How to Recognize German Cockroaches

Are you one of those people who wants to know how to recognize German cockroaches? Or are you one of those who want to get rid of them by noticing them? Well, this post is for you. If you have ever seen a cockroach in a house or restaurant, it was likely a German cockroach. It has the scientific name Blattella germanica and is the most prevalent cockroach species globally, living everywhere. Moreover, it is one of the hardest pests to eradicate due to its rapid reproduction and resistance to pest control measures. The following are some things you should know about how to recognize a German cockroach:


  • This cockroach is tan or light brown in hue with two dark, nearly parallel stripes on the back.
  • With two black stripes behind their heads, these light to medium brown roaches are on the small side, measuring less than an inch long.
  • Females are usually darker in color than males.
  • The nymphs (babies) are black or dark brown with the same stripes as the adults.


  • Even though adults of both sexes have well-developed wings, these roaches prefer to scurry and crawl on surfaces rather than fly.
  • The German cockroach is much smaller than the American cockroach.
  • They excrete little, brownish droplets of feces everywhere they consume and reside.
  • They produce a musty odor wherever people assemble.
  • Germs can accumulate on their bodies and legs.
  • Allergens in their products can induce allergic responses. They have been linked to the spread of six different parasite worms, 33 different bacteria, and seven or more different human illnesses.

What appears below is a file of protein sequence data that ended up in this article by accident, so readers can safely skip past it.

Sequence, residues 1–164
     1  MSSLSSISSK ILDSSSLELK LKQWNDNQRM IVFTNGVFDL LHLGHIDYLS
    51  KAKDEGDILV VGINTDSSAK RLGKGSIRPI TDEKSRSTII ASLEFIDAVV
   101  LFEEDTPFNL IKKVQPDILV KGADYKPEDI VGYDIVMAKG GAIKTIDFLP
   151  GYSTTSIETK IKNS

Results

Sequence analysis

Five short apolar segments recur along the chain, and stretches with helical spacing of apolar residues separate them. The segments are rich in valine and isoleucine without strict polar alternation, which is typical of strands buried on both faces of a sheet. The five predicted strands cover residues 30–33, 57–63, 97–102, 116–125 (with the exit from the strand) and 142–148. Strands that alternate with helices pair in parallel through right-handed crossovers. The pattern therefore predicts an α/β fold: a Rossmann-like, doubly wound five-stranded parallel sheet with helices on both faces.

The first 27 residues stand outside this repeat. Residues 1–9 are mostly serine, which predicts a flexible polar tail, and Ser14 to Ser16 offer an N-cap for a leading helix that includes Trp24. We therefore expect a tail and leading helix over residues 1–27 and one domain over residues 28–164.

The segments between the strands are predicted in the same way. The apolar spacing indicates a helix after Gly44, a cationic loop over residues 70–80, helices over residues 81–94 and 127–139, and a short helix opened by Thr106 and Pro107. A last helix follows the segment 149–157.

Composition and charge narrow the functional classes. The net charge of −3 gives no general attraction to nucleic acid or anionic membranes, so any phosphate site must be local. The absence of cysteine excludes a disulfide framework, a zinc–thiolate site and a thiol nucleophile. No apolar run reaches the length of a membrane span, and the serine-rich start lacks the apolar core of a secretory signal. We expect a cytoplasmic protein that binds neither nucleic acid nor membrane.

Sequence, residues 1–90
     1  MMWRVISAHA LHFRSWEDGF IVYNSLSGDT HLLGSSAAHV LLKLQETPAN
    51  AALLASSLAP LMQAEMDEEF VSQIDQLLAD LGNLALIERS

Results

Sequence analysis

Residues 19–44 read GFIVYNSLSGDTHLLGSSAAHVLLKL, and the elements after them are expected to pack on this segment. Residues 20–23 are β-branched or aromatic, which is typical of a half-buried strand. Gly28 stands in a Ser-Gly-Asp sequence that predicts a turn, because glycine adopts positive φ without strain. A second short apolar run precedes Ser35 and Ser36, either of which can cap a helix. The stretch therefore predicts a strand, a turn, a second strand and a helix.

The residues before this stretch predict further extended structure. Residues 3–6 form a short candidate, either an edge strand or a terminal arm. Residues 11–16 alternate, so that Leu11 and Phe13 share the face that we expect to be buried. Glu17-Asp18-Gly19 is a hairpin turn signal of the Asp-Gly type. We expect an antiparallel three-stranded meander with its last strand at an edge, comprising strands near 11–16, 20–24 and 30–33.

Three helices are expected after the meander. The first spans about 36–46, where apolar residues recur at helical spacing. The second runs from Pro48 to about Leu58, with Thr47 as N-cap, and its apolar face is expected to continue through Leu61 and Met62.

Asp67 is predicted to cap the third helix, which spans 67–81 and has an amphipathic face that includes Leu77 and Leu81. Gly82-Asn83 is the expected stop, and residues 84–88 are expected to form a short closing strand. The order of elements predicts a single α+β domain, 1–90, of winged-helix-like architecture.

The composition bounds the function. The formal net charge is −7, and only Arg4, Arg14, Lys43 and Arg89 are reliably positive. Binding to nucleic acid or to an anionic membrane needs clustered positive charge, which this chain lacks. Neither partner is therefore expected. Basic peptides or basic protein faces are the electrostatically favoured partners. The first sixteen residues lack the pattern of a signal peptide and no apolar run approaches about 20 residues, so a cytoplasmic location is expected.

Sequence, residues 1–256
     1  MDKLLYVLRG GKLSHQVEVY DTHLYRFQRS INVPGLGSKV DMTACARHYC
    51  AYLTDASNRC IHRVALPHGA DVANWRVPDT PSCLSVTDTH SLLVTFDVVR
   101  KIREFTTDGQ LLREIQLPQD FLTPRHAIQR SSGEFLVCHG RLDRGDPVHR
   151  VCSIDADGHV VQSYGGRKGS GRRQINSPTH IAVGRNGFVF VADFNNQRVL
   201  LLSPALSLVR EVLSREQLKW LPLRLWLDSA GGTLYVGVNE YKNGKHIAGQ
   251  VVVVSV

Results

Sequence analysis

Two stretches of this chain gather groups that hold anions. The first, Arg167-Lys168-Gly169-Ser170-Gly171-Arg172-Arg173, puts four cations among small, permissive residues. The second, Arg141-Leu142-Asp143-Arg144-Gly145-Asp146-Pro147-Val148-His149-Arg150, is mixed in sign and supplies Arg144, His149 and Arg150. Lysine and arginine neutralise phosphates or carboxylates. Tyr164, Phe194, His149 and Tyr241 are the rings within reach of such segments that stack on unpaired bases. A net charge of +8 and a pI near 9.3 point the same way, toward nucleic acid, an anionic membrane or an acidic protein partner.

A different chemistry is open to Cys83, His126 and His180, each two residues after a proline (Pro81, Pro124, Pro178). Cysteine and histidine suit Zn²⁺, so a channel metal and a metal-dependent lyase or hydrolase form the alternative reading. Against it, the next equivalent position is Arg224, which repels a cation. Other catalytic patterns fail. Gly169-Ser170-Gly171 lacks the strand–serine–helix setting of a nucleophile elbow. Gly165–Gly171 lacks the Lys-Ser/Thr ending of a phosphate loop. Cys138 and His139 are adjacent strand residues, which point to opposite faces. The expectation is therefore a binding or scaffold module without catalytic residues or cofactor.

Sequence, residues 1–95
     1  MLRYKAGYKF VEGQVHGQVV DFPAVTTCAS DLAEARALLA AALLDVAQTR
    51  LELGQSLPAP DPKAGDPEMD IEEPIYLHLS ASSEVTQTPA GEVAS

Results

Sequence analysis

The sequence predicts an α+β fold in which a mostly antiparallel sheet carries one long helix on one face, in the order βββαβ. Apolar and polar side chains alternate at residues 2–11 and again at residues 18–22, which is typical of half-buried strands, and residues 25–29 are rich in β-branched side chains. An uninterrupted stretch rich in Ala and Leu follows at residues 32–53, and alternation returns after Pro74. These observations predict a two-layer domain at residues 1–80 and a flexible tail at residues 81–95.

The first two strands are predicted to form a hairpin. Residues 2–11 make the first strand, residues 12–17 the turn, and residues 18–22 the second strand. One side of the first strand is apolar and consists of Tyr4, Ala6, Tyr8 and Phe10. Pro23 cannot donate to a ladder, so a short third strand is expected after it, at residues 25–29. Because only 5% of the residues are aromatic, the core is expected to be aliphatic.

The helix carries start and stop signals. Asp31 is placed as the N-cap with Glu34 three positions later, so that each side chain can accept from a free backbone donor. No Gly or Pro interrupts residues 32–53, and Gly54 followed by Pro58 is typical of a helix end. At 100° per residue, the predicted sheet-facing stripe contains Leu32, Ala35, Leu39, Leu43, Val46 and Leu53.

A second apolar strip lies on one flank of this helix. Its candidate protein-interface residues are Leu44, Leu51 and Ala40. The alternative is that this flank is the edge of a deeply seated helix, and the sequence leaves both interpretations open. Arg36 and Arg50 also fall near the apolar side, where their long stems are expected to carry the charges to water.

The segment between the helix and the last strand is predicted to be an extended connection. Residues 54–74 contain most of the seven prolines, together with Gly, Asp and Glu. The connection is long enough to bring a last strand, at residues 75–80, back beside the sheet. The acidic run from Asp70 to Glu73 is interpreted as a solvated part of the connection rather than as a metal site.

Behaviors and Habits

  • They are more likely to attack your fingernails, eyelashes, feet, and hands, which causes pain, blisters, edema, and even minor infection.
  • They are more likely to attack humans during large infestations with insufficient food sources.
  • They are active throughout the day and hide in dark crevices at night.
  • They are likely fond of fermented foods and beverage residues.
  • Adult male German cockroaches move the most, while pregnant females seldom leave the harborage.
  • Adults can fit through holes as tiny as 1/32 of an inch.

Life Cycle

  • The German cockroach passes through three standard metamorphosis stages: egg, nymph, and adult.
  • Females may lay more than 400 eggs in their lifetime, despite having a short lifespan of three to six months.
  • They produce one egg capsule containing 25 to 45 eggs every three to four weeks. They often transport their egg capsules until they are ready to hatch.
  • Young nymphs attain sexual maturity at 36 days and can live for up to a year, making them an insect with a high reproductive potential.

If you identify these features of German cockroaches (or the American version), good for you! Now give us a call and we’ll get rid of them!